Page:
Cropping and Yield rn The fruit matures 90 to days after flowering. Generally, there are 2 crops per year in southern Puerto Rico; the heaviest, with small fruits, in late summer and early fall; another, with larger fruits, in late winter and early spring.
In northern India, the main crop ripens in mid-winter and the fruits are of the best quality. A second crop is home in the rainy season but the fruits are less abundant and watery.
Growers usually withhold irrigation after December or January or root-prune the trees in order to avoid a second crop.
The trees will shed many leaves and any fruits set will drop. An average winter crop in northern India is about fruits per tree.
Trees may bear only fruits in the rainy season but the price is higher because of relative scarcity despite the lower quality. Of course, yields vary with the cultivar and cultural treatment.
Handling and Keeping Quality rn Ripe guavas bruise easily and are highly perishable. Fruits for processing may be harvested by mechanical tree-shakers and plastic nets.
For fresh marketing and shipping, the fruits must be clipped when full grown but underripe, and handled with great care.
After grading for size, the fruits should be wrapped individually in tissue and packed in 1 to 4 padded layers with extra padding on top before the cover is put on.
It is commonly said that guavas must be tree-ripened to attain prime quality, but the cost of protecting the crop from birds makes early picking necessary.
It has been demonstrated that fruits picked when yellow-green and artificially ripened for 6 days in straw at room temperature developed superior color and sugar content.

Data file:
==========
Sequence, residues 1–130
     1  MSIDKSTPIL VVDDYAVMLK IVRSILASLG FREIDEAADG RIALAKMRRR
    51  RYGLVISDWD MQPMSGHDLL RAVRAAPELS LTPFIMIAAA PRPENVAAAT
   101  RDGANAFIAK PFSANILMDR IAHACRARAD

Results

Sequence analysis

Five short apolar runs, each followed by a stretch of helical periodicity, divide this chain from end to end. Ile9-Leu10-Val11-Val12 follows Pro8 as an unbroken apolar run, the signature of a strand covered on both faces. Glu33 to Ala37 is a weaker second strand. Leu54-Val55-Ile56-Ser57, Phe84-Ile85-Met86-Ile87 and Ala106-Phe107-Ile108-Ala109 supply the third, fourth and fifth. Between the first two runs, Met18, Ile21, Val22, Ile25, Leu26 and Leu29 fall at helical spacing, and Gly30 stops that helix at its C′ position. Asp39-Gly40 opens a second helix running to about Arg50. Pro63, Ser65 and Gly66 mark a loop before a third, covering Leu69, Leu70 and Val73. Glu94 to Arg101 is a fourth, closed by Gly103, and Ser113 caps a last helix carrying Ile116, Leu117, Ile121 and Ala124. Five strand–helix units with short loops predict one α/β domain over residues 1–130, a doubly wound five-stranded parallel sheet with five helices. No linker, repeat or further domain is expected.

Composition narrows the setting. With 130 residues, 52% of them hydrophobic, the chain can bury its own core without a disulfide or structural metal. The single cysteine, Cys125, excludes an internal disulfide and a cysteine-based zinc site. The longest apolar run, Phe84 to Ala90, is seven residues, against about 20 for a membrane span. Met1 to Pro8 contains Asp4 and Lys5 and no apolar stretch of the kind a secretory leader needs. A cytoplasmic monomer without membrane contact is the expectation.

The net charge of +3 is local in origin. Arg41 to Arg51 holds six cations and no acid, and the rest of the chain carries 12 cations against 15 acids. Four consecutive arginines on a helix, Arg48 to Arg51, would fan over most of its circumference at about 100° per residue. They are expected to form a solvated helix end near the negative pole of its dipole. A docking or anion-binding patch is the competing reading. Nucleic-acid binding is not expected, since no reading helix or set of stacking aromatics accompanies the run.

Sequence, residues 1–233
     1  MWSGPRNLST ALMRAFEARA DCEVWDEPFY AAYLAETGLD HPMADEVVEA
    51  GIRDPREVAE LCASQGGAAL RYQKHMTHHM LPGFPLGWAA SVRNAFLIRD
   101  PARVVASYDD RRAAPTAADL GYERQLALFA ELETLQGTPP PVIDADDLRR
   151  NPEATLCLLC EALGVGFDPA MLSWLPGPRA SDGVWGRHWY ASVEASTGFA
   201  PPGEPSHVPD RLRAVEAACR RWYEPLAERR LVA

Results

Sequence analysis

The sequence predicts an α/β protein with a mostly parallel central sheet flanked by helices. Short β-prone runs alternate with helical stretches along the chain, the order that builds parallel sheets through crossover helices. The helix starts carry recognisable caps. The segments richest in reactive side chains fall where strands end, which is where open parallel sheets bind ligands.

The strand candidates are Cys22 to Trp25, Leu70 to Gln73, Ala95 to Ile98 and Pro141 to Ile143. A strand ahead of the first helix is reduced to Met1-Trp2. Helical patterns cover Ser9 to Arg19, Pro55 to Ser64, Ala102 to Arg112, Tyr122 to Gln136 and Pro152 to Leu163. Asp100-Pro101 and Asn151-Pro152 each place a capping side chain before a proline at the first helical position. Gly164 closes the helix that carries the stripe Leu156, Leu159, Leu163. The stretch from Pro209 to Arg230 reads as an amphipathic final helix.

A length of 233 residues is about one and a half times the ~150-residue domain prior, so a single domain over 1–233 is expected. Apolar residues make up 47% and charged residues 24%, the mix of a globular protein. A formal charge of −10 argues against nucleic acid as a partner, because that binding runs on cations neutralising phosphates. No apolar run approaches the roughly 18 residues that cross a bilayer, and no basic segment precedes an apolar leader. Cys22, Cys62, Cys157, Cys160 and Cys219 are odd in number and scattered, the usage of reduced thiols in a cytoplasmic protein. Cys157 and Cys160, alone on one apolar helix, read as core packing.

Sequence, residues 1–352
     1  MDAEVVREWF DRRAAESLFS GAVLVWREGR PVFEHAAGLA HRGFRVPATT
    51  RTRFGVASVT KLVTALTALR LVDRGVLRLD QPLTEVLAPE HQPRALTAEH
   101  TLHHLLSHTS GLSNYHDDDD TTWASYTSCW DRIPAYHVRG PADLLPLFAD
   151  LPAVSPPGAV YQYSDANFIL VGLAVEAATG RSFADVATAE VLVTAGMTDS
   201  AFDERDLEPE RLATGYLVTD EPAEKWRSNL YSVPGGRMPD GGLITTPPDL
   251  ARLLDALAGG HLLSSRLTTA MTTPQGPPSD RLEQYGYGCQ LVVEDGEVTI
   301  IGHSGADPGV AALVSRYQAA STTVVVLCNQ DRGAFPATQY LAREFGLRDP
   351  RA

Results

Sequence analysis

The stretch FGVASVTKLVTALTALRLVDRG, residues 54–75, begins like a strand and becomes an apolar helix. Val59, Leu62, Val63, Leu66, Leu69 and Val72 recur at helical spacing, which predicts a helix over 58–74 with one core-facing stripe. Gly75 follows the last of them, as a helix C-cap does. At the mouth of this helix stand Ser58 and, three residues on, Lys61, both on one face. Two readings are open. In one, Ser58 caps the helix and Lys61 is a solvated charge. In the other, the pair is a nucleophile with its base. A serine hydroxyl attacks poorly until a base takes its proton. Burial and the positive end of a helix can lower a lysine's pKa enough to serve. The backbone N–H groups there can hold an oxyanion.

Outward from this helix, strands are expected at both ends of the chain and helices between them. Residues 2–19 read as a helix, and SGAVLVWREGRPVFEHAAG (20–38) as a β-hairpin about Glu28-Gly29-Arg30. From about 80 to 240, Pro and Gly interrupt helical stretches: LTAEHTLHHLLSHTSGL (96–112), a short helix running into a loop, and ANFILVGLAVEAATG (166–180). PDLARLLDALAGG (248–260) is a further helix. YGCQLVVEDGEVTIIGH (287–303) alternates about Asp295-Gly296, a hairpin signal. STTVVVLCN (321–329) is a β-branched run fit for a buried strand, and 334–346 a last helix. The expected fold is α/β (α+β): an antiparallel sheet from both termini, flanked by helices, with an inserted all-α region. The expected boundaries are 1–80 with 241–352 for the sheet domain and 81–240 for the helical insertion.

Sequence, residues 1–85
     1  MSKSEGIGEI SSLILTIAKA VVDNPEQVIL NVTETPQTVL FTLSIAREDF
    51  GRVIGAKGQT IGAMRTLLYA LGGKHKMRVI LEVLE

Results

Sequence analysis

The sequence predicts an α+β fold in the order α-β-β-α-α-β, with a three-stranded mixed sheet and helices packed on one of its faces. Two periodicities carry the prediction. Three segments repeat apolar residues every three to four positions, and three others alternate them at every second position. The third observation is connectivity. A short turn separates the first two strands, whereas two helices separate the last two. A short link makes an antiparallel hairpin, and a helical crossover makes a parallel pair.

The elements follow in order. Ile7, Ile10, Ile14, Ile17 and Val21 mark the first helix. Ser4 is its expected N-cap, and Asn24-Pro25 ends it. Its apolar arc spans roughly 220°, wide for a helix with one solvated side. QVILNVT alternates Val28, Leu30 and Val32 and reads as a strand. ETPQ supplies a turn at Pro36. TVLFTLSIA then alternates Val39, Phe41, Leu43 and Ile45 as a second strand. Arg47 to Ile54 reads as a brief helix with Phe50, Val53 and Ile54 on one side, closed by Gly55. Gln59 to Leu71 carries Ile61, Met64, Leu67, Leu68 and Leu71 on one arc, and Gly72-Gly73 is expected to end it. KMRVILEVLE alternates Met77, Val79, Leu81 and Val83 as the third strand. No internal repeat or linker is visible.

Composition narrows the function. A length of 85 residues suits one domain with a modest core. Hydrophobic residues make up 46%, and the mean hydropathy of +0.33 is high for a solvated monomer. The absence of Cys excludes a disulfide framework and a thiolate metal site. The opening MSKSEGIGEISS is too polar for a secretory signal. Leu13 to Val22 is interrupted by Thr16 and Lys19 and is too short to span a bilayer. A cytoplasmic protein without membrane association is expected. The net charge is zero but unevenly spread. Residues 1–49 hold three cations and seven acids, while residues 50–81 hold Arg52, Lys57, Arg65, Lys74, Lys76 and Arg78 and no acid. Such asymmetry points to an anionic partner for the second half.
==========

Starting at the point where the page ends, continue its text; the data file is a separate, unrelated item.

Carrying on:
Guavas kept at room temperature in India are normally overripe and mealy by the 6th day, but if wrapped in pliofilm will keep in good condition for 9 days.
In cold storage, pliofilm-wrapped fruits remain unchanged for more than 12 days. Wrapping checks weight loss and preserves glossiness.
Researchers at Kurukshetra University, India, have shown that treatment of harvested guavas with ppm morphactin chlorflurenol methyl ester increases the storage life of guavas by controlling fungal decay, and reducing loss of color, weight, sugars, ascorbic acid and non-volatile organic acids.
Combined fungicidal and double-wax coating has increased marketability by 30 days. Higher temperatures cause some skin injury, as does a guazatine dip which is also a less effective fungicide.
Fruits sprayed on the tree with gibberellic acid days before normal ripening, were retarded nearly a week as compared with the untreated fruits. Also, mature guavas soaked in gibberellic acid off the tree showed a prolonged storage life.
Food technologists in India found that bottled guava juice strained from sliced guavas boiled 35 minutes , preserved with ppm SO2, lost much ascorbic acid but little pectin when stored for 3 months without refrigeration, and it made perfectly set jelly.
Pests and Diseases Guava trees are seriously damaged by the citrus flat mite, Brevipa1pus californicus in Egypt. In India, the tree is attacked by 80 insect species, including 3 bark-eating caterpillars Indarbella spp.
The green shield scale, Pulvinaria psidii, requires chemical measures in Florida, as does the guava white fly, Trialeurodes floridensis, and a weevil, Anthonomus irroratus, which bores holes in the newly forming fruits.
The red-banded thrips feed on leaves and the fruit surface. In India, cockchafer beetles feed on the leaves at the end of the rainy season and their grubs, hatched in the soil, attack the roots.
The larvae of the guava shoot borer penetrates the tender twigs, killing the shoots. Sometimes aphids are prevalent, sucking the sap from the underside of the leaves of new shoots and excreting honeydew on which sooty mold develops.
The guava fruit worm, Argyresthia eugeniella, invisibly infiltrates hard green fruits, and the citron plant bug, Theognis gonagia, the yellow beetle, Costalimaita ferruginea, and the fruit-sucking bug, Helopeltis antonii, feed on ripe fruits.
A false spider mite, Brevipalpus phoenicis, causes surface russeting beginning when the fruits are half-grown.